Cuti is a comfortable defender who can play with his feet and step into midfield to make a tackle or play a ball forward, making him an ideal defender in a Conte defense. After Romero, Conte can choose from names like Eric Dier, Davinson Sanchez, Joe Rodon, Ben Davies, and Japhet Tanganga. Dier looks to be in line for a place due to his physicality and tendency to hit long balls, meaning the final place in the three will come down to Sanchez, Rodon or Tanganga.


While Tanganga has had shown good form this season and Rodon is a quality ball-playing centre back that Conte will like, the final place will most likely be Sanchez’s to lose. A ball-winning, no-nonsense defender, Sanchez is the kind of player that could thrive in a three-man defense.


The wingbacks in a Conte system are arguably the most important positions in the side. Luckily for Tottenham, there are a number of players in the team that can fit that role dutifully. On the left, Sergio Reguilon is the clear first choice. Reguilon has played as a left back in a back four since his arrival at Spurs in the summer of 2020, but it’s clear that his best abilities are ones that he can unlock when he advances forward.


He possesses bursts of pace that allow him to get past defenders and into open space on the flank and he puts in a good cross, which is a main role for a Conte wingback. In fact, if there’s one player that could benefit most from the appointment of Antonio Conte, it’s Tottenham’s second-year left back.


Player Analysis: Sergio Reguilón


There’s something of a positional battle on the other side of the pitch as both Emerson Royal and Matt Doherty could properly deputize as the team’s right wingback. Doherty played in a similar role during his time at Wolves, but in the back four shape that Spurs have predominantly used since his arrival in the summer of 2020, Doherty has struggled significantly and has been consistently left out of the XI.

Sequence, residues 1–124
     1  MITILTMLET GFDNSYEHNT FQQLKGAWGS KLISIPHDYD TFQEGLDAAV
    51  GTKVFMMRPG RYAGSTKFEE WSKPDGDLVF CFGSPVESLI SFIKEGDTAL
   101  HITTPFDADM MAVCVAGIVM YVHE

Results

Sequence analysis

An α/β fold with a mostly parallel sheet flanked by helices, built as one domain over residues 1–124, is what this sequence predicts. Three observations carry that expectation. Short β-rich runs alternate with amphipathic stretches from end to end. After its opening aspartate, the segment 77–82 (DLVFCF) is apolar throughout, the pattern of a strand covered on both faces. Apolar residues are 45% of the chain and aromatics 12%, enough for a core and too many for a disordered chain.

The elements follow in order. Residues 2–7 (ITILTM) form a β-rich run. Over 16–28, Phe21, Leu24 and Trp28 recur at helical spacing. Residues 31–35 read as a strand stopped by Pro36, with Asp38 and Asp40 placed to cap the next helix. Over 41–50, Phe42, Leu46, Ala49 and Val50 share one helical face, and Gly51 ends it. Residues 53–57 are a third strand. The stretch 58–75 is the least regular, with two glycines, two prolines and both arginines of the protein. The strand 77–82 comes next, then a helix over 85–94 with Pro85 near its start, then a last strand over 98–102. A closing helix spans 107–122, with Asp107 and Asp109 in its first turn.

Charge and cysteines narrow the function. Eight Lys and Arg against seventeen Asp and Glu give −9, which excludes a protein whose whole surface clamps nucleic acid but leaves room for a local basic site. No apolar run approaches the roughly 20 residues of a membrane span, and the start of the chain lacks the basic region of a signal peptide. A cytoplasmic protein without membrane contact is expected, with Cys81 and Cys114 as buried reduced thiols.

A switch to a back five is good news for a player like Doherty, but he will likely still have to wrestle the starting job away from Royal, a more defensively-minded fullback than his Irish counterpart. Royal earned the starting nod in Tottenham’s first match under Conte in the Conference League against Vitesse.


The center of midfield is where we find another crucial position in a Conte formation – the holding midfielder. This player must be capable of not only slowing down opposition attacks and winning the ball but also act as the metronome for the attack and facilitate the team in the build-up phases of the game.


While this could be a tailor-made role for Pierre-Emile Hojbjerg, I actually think we may see Conte hand this role to young Oliver Skipp, who has been a mainstay in the team since rejoining the team following a loan spell at Norwich.